Dyson, the technology company best known for its vacuum cleaners, has scrapped a project to build electric cars. The firm, headed by British inventor Sir James Dyson, said its engineers had developed a “fantastic electric car” but that it would not hit the roads because it was not “commercially viable”.
In an email sent to all employees, Sir James said the company had unsuccessfully tried to find a buyer for the project. The division employs 500 UK workers.
Dyson had planned to invest more than £2bn in developing a “radical and different” electric vehicle, a project it launched in 2016. It said the car would not be aimed at the mass market.
Half of the funds would go towards building the car, half towards developing electric batteries. In October 2018 Dyson revealed plans to build the car at a new plant in Singapore. It was expected to be completed next year, with the first vehicles due to roll off the production line in 2021.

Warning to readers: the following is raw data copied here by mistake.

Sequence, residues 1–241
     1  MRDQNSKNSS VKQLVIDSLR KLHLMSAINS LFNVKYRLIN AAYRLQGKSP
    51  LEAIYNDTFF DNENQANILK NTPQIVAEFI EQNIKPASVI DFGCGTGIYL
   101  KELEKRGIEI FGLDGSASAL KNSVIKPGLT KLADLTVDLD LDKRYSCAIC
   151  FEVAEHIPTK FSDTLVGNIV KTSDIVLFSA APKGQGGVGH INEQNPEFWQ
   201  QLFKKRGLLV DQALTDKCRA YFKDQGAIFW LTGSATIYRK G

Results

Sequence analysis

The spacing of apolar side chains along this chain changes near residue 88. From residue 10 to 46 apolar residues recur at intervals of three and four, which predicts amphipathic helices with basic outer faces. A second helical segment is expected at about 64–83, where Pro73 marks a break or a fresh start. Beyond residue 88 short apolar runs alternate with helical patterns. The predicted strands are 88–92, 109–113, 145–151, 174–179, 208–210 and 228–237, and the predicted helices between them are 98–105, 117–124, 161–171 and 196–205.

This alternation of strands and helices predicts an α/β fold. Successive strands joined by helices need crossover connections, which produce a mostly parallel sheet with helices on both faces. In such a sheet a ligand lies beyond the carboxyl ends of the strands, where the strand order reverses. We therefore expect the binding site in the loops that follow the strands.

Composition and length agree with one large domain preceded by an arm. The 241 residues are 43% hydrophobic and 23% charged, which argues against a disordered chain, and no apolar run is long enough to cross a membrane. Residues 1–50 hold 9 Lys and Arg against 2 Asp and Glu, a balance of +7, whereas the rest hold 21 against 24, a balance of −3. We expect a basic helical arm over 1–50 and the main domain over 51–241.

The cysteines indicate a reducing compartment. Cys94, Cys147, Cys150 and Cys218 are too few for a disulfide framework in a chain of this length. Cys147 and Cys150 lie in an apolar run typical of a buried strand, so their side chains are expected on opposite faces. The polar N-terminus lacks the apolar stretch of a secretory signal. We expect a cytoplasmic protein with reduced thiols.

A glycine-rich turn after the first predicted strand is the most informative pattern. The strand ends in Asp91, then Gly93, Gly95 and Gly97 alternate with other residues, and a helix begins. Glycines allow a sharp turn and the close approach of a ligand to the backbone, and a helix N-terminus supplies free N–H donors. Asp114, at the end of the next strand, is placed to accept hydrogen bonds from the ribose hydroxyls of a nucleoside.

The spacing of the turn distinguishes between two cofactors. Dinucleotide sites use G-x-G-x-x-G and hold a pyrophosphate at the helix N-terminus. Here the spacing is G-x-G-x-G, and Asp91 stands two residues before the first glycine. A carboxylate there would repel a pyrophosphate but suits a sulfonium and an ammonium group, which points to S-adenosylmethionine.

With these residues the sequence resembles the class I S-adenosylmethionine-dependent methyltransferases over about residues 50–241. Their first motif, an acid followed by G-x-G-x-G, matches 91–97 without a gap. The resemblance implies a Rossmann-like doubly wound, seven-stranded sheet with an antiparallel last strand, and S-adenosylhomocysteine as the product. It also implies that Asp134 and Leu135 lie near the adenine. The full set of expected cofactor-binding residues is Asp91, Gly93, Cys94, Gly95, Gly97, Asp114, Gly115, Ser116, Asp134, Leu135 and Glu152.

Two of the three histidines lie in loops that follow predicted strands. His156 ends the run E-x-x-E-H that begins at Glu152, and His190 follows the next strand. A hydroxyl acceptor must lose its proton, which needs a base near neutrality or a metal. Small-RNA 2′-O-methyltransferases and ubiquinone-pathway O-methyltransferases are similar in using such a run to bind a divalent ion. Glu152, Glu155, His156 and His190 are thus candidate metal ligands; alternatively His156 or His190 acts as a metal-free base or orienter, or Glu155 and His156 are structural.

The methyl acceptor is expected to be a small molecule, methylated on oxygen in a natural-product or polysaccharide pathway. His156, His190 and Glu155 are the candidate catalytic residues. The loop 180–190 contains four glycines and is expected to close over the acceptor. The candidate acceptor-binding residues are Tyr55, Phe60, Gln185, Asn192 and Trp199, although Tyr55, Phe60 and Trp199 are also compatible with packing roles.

Dyson wanted to make something revolutionary – but also needed to make it pay. And the sums simply didn’t add up. Sales of electric cars are climbing rapidly. Yet they still cost more to make than conventional cars, and generate much lower profits – if any.
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